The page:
Among astronauts in orbit, what is the worst real injury recorded? Has anyone hit himself on the thumb with a hammer or something? Squeezed a finger in a closing door? Gotten poisoned by some leaking experiment mystery box? I bet they haven't hurt their backs while lifting something heavy, or fell from high altitude or were run over in traffic.

So, what makes our astronauts bleed the most?

This question wants to ignore the lethal space flight events which were all related to launch or landing (or suborbital flight, including the Soyuz 18 launch abort in 1975 which gave one of the crew unspecified internal injuries). Instead it is about how humans have hurt themselves the worst while being in the orbital weightlessness of the ISS, Mir, Salyut, Shuttle and other crewed orbiting vehicles.

According to this Wikipedia list out of all the about 540 astronauts to orbit as of today since 55 years, I only find this single injury from 1995:

While exercising on the Mir EO-18/NASA 1/Soyuz TM-21 mission, astronaut Norman E. Thagard suffered an eye injury. He was using an exercise device, doing deep knee bends, with elastic straps. One of the straps slipped off of his foot, flew up, and hit him in the eye.

Fortunately, it was just a tiny discomfort:

Later, even a small amount of light caused pain in his eye. He said using the eye was, "like looking at the world through gauze."

And could quickly be cured:

An ophthalmologist at Mission Control-Moscow prescribed steroid drops and the eye healed.

Is it true that no astronaut ever was injured in space? With injury defined as for example worse than what the majority of us all experience within six months or so from everyday life on Earth (like a sprained ankle).

EDIT: I want to include illnesses here too. If any astronaut ever has gotten ill, instead of injured, by orbital spaceflight. Like having to spend two weeks nearly unconsciously in bed with high fever, like tens of millions of people do right now. Everyday Earthly stuff like that, has any astronaut ever suffered from something like that?

up vote 20 down vote accepted

The crew of Apollo 7 were all ill. The commander, Wally Schirra, developed a cold and the other two crew members suffered prolonged motion sickness.

Due to the illnesses, the crew failed to perform their duties (such as perform the live television broadcast) and all were retired from spaceflight. Even today, it is not publicly known if they performed the landing with the helmets off as they had threatened to do, due to concerns of their ears popping.

Wikipedia has a concise description of the events, with the exaggerated title "Mutiny" in Space. Here is an excerpt of the comms:

SCHIRRA: You've added two burns to this flight schedule, and you've added a urine water dump; and we have a new vehicle up here, and I can tell you at this point TV will be delayed without any further discussion until after the rendezvous.

CAPCOM (Jack Swigert): Roger. Copy.

SCHIRRA: Roger.

CAPCOM 1 (Deke Slayton): Apollo 7, this is CAPCOM number 1.

SCHIRRA: Roger.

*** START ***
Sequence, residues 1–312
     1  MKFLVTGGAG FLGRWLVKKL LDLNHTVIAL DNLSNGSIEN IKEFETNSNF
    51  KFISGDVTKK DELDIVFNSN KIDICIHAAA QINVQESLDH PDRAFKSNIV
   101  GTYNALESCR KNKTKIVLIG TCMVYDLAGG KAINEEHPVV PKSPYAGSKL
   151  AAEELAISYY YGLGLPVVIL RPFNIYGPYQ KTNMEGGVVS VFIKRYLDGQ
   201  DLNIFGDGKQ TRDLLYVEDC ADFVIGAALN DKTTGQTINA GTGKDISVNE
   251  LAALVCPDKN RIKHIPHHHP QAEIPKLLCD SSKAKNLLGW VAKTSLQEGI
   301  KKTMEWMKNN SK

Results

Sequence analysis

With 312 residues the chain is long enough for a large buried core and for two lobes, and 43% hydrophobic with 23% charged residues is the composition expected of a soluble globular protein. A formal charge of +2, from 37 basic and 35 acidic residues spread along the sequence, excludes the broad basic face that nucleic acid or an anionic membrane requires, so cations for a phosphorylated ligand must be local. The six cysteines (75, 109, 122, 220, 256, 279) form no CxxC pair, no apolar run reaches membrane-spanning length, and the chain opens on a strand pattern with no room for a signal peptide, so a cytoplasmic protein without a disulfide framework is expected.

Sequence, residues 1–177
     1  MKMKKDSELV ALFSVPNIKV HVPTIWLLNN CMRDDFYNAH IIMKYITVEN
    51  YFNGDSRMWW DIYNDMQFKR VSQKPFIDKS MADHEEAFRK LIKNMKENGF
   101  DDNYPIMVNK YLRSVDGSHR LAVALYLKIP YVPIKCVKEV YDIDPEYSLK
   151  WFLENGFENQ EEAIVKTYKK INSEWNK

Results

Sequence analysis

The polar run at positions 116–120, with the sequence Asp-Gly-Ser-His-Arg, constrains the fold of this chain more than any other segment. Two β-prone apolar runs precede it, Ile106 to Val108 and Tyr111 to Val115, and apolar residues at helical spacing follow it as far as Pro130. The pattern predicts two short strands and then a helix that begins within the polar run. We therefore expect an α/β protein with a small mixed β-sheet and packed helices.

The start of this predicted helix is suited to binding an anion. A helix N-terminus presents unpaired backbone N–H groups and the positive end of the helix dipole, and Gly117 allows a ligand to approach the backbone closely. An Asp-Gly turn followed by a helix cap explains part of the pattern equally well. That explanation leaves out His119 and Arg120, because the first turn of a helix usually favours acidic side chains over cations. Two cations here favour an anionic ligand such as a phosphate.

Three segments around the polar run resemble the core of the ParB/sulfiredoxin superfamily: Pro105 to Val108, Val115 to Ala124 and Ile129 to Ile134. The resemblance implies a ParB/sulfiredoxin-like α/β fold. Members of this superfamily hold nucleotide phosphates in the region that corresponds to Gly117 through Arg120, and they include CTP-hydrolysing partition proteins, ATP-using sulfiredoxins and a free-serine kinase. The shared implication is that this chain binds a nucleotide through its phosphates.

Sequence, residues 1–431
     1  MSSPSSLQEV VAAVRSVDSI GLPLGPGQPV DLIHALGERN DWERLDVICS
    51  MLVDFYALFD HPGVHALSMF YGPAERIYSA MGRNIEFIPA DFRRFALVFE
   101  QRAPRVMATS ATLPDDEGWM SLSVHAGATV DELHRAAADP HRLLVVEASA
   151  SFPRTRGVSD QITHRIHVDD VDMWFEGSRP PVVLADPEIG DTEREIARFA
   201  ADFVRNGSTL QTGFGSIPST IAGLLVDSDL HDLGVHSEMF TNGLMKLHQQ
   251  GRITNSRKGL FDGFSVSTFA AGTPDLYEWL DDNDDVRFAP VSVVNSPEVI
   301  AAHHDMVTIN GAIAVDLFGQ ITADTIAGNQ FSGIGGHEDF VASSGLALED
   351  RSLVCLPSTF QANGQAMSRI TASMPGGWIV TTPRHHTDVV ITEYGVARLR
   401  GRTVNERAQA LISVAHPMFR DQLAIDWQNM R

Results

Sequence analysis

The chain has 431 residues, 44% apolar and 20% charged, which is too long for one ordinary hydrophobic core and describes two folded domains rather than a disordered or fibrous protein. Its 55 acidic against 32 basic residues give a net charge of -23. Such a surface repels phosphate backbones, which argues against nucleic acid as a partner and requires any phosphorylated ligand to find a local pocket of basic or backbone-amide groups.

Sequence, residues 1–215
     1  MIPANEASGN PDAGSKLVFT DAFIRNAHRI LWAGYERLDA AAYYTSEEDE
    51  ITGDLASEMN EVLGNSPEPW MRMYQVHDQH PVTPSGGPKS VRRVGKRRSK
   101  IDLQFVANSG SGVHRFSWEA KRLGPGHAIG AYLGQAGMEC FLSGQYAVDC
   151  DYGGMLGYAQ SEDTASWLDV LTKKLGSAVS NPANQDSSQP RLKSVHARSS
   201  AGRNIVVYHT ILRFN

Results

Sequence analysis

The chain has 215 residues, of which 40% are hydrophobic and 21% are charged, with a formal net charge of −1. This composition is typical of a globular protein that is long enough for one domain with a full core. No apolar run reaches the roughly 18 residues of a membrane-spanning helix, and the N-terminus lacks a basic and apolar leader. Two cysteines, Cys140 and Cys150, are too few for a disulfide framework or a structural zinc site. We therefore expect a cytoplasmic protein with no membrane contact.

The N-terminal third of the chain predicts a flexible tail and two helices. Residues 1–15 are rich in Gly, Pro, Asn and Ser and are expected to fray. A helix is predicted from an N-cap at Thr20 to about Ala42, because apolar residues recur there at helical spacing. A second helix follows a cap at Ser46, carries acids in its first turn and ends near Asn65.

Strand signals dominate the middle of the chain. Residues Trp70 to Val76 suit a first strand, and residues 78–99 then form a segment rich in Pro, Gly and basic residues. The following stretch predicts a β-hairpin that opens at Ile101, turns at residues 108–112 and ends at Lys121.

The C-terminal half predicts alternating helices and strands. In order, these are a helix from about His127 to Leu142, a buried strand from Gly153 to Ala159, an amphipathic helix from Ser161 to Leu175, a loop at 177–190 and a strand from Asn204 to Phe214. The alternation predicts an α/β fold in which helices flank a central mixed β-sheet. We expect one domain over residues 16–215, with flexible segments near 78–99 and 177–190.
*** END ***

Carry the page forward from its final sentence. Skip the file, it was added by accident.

CAPCOM 1: All we've agreed to do on this is flip it.

SCHIRRA: ... with two commanders, Apollo 7

CAPCOM 1: All we have agreed to on this particular pass is to flip the switch on. No other activity is associated with TV; I think we are still obligated to do that.

SCHIRRA: We do not have the equipment out; we have not had an opportunity to follow setting; we have not eaten at this point. At this point, I have a cold. I refuse to foul up our time lines this way.

The Mars Society has a good indication of what the most serious medical issues have been in space flight. These include:

  • A number of cases where the gloves leaked in an EVA. (STS-37, Mir Space Station) The STS-37 was possibly the most serious, only the fact that the astronaut was also bleeding kept this from a much more serious issue, similar to how Mark Watney was saved in the initial moments of The Martian.
  • Toxic gas exposure when there has been a leak of a variety of substances. (Mir fire, Apollo side of Apollo-Soyuz, STS-96.
  • Urinary Tract Infections, the worst of which came from Apollo 13, where water was severely rationed.
  • Prostate infection on Salyut-7, resulting in an early return from space. Fever of 104° F (40° C). There is some speculation this might have been psychological.

Of course, the most serious incident in orbit was Soyuz 11, which occurred in the processing of reentering. When the service module disconnected, it left a vacuum exposed vent open, which lead to the death of all 3 cosmonauts.

  • Worst symptoms I find in your link are: "causing eye irritation, lethargy and nausea". And "rashes". Those are all everyday experiences to every human being on Earth! They are not health problems. So I cannot accept this as an answer. – LocalFluff Jul 25 '16 at 15:54
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    @LocalFluff I think it's a good answer - it covers some more serious cases, including names and flight numbers. – Andy Jul 25 '16 at 16:01
  • @LocalFluff The end has the more serious cases. In any case, it seems like the issues of the EVA resulting in punctured gloves is the most serious, as Andy mentioned. – PearsonArtPhoto Jul 25 '16 at 16:24
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    I did not include the fatal instances, nor those that came from landing, which there are a number. But that is the answer, there haven't been any major injuries, but a number of serious issues, as listed. – PearsonArtPhoto Jul 25 '16 at 22:55
  • Comments are not for extended discussion; this conversation has been moved to chat. – called2voyage Jul 27 '16 at 13:58

While I'm not sure it would qualify as a physical, bleeding injury, there was a near-death from drowning in space. Luca Parmitano, was an Italian NASA astronaut who nearly drowned during an EVA in July, 2013.

It was so unexpected that NASA hadn't even planned emergency procedures for an incident like this. After all, what are the chances of drowning in space?

His helmet had a water leak and filled up with water. By the time he got back to the airlock, he was hardly able to breathe or even see through the water.